Middle income South Africans are in trouble

by | May 19, 2021 | Personal Finance

Results for the period 1 October 2020 to 31 March 2021, has been published by financial services company, Transaction Capital. Their research has confirmed what many have suspected for a while – Covid 19 and a struggling economy has placed huge financial strain on middle class South Africans.

Citing credit statistics, wage data and unemployment figures, the group said that overdue debt balances continue to increase, with a R33 billion increase seen in 2020 alone. That is a big number!

Transaction Capital also stated that 34% of households in South Africa are forecast to fall out of the middle-class and say that this is further emphasised by wage data, which shows fewer South Africans having an income over R22 000/m – while significant more South Africans are seeing incomes of less than R8,000/m

It seems that people living on the bare basics and who were already experiencing hardships before the first lockdown of 2020, have been less affected than middle and upper class.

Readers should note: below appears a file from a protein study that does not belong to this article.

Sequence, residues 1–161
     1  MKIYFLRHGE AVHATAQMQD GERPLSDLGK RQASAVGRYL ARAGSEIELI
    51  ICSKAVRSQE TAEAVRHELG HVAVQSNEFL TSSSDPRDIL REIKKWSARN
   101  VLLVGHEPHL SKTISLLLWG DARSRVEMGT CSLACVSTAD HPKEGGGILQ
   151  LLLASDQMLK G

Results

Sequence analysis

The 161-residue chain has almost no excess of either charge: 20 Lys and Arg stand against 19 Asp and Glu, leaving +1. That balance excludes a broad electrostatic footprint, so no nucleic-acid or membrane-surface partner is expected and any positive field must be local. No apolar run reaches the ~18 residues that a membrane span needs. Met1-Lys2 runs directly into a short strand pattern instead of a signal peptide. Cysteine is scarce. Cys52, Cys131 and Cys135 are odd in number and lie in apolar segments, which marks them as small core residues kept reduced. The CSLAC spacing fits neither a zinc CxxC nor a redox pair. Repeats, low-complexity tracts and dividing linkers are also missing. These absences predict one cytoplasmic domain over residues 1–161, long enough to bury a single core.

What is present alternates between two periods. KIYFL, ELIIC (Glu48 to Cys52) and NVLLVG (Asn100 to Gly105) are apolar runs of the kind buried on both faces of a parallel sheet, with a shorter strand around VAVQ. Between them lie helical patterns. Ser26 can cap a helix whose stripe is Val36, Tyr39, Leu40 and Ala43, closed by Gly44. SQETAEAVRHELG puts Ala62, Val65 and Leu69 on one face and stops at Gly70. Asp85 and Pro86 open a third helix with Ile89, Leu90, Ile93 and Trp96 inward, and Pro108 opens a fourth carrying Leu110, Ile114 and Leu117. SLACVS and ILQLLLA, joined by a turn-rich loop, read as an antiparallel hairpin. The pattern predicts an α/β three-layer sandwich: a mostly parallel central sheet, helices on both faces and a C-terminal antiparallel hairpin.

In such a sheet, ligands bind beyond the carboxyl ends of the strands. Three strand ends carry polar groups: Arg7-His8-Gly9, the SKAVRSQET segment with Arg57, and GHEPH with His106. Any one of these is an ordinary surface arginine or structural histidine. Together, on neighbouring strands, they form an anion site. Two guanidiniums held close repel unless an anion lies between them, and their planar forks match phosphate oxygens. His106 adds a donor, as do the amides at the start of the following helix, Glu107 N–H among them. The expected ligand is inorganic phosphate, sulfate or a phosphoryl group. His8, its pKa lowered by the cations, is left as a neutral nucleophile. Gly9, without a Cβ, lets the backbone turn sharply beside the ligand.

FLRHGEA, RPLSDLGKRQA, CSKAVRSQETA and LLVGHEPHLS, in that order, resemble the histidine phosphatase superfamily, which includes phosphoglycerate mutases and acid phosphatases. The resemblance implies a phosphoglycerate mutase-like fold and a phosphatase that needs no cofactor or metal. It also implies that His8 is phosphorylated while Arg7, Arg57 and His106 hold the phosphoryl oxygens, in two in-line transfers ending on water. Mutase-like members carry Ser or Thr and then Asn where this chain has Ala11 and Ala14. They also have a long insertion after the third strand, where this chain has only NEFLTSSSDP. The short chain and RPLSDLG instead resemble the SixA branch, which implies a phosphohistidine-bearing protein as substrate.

Sebastien Alexanderson, CEO of National Debt Advisors also heads up Bamboo – a plant powered restaurant.  Sebastien and Bamboo teamed up with NGO Breadline Africa last year during the heart of the pandemic to give healthy meals daily, to those who simply could not afford it.

“We did this as a Bamboo project, because we knew there were so many people who were going hungry – but I saw so much of what we were experiencing at National Debt Advisors, reflected in our feeding schemes. Suddenly, it was not only the poorest of the poor who needed help – but middle and upper income families whose income had been affected, whether completely lost or cut”

If you were earning R6 000 a month and lockdown hit, but you were still earning and living off the same amount – then nothing much changed for you. But if you were earning R40 000 per month and your monthly living expenses and debt repayments were R35 000 per month, but your income was slashed to R25 000 per month – then you were in trouble!

Many people accepted the payment holidays offered by banks, but this relief was just temporary – and the distress continued when things returned to normal.

It is isn’t a matter of income. How much you earn is only important in terms of how much you spend – and if your expenditure is consistently more than your income for months at a time, then you should consider getting professional help.

Registered debt counsellors can help those across all income brackets – but especially those in the middle income group – to more easily afford their monthly living expenses and their debt repayments. National Debt Advisors is the leading debt counselling company in the country. Contact us today if you are struggling with your finances.

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